Our ocean is already full of plastic waste. The World Economic Forum foresees that the ocean will be populated by more plastic than fish (by weight) by 2050. The map photo of Riccardo Pravettoni below explains how human production and consumption from all sectors globally over the last 50 years have generated huge amount of debris, especially plastic. The production of plastic waste for every person has been growing substantially, polluting our land and ocean. The waste could form an island like the Great Pacific Garbage Patch, which is bigger in size than Texas or France.

Plastic waste in the ocean is categorized as non-source pollution, meaning that the waste comes from many areas, and as such it is difficult to identify a single source. In 2010, World Bank Data shows that cities in Indonesia, especially coastal regions, contribute extensive waste to the ocean, amounting to approximately 3.22 million tons of waste, which includes 0.48 - 1.29 million metric tons of marine plastic debris every year. This equals to 178 - 480 million plastic waste per household per year.

Marine plastic pollution has an impact on both human and animals. For instance, plastic particles (micro-plastic) from marine plastic waste are identified inside fishes at Paotere, a small-scale fisherman port that is famous as a tourist destination in South Sulawesi. Microplastic can even be found in salt, which humans consume daily. Micro plastic in humans’ body can lead to inflammatory-related disease, insertion of chemical pollutants, and disruption in the digestive tract.

Strategies to combat plastic pollution in the ocean

The first strategy to combat plastic pollution in the ocean is to have an integrated platform that enables stakeholders to monitor and update the status and baseline data of waste both in mainland and in the ocean. Currently, the threat and risk of plastic waste in the ocean ecosystem cannot be properly identified due to the lack of data, including the amount and location of the plastic waste. Even when such data exist, they are in various degrees of quality, scattered in various hosting agencies and research institutions, and have not been systematically compiled. Therefore, it is often difficult for stakeholders such as the government and industrial companies to formulate an informed strategy and policy. Once we understand where and how much the waste is, we can deploy better waste management, both preventive and reactive.

Second strategy is to establish a circular economy solution to plastic waste which uses circular approach to reuse and resolve plastic litter in the most effective way. An instance of which is to compound plastic recycle materials with asphalt to build road, which has been implemented in Indonesia to improve public roads. Indonesia also teamed up with the Global Plastic Action Partnership (GPAP), an international public-private collaboration, to decrease plastic waste in the ocean by 70% by 2025 while considering the economy and people’s lives. The government of Indonesia and the GPAP deploy strategies such as collecting local waste management data and building a model that evaluates solutions such as reducing overpackaging, creating new recyclable plastics as well as increasing recycling and waste collection rates. Most importantly, the model will calculate the investment needed, timeline, environmental footprint and greenhouse gas emissions, as well as the impact on people's lives.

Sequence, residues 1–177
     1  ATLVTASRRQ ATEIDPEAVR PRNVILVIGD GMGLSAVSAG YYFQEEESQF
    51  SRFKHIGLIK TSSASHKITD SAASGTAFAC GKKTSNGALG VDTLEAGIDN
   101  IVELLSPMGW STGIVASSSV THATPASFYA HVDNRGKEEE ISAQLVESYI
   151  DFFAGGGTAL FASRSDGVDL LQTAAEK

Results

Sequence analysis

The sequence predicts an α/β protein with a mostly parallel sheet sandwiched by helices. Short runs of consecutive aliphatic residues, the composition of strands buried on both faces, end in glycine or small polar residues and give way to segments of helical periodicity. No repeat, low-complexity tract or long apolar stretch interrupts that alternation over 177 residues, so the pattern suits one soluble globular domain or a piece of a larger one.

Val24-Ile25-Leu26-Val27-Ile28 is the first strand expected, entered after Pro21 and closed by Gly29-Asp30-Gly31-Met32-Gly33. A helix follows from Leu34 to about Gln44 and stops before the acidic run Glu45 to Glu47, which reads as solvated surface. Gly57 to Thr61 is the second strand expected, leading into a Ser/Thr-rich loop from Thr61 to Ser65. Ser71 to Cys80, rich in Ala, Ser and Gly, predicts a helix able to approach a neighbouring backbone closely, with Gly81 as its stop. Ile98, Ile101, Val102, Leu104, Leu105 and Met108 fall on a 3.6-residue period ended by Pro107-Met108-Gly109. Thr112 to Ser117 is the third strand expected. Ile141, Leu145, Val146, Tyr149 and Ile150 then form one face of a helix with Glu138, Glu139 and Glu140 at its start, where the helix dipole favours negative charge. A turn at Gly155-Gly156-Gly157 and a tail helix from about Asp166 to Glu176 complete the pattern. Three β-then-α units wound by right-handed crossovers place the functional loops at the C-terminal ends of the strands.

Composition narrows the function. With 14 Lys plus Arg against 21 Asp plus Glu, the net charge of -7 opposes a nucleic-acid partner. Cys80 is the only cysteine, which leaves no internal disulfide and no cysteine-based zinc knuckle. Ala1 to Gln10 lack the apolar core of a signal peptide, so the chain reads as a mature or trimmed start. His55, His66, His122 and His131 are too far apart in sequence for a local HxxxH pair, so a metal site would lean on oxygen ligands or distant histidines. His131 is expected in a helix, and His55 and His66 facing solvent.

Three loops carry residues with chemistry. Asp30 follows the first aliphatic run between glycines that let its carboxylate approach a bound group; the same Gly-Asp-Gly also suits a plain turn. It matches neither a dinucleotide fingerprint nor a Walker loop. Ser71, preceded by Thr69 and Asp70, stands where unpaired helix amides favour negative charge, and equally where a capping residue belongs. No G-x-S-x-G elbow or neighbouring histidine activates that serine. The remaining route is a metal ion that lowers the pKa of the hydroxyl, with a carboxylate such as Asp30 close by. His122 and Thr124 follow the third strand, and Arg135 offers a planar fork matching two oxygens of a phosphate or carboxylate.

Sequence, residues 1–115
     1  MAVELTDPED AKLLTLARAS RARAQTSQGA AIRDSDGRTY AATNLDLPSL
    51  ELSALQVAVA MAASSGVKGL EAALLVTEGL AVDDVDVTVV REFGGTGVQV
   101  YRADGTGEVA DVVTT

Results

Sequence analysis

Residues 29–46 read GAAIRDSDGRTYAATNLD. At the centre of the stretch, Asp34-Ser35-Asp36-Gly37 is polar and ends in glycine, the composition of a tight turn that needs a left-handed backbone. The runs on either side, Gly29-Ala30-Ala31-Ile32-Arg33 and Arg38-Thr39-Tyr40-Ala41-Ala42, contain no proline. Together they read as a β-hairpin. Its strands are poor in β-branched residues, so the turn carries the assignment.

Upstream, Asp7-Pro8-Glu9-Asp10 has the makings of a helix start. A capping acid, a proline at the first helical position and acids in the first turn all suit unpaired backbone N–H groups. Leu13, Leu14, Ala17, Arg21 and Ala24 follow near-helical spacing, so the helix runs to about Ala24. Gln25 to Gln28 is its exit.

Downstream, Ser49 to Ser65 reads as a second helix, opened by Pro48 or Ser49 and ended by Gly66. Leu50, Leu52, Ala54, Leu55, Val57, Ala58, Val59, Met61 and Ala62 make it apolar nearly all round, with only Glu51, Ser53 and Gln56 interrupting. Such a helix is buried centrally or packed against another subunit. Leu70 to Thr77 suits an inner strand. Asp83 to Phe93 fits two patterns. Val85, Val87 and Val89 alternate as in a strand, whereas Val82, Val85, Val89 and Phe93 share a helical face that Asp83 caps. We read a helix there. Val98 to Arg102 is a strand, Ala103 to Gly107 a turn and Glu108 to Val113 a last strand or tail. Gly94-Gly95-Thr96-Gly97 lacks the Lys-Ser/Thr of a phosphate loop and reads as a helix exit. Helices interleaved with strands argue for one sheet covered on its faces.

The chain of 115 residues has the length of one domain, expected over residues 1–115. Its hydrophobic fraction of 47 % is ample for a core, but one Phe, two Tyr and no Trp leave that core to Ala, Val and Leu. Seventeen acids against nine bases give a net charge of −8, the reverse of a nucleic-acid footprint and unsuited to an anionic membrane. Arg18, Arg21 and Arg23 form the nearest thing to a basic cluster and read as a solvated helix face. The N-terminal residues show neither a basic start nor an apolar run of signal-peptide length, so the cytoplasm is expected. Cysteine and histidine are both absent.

Finally, Indonesia needs to deploy a proper plastic waste management in the mainland, especially from residential houses and industries, as it will significantly reduce the amount of plastic waste in our ocean. One thing that can be applied is to establish zero-waste targets, meaning that 90% of waste (by weight) goes to recycling or composting and only 10 % or less goes to landfill or incineration. The Coordinating Ministry for Maritime Affairs has already implemented policies and approaches to control the amount of the waste in the mainland, including encouraging business to reuse, recycle, and reduce plastic. Main idea of 3R in waste management is how to handle the plastic waste from the early stages of waste treatment. Change in system as well as decisions in how we develop business framework will play a big role in developing waste management innovations.

All in all, collaboration and understanding among government, civil society organization, and community is required to apply and share integrated data, new business models, established public policies, and investment in technology and infrastructure to create a systemic solution to plastic pollution in the ocean. There are far too many plastic waste, we have no time to waste.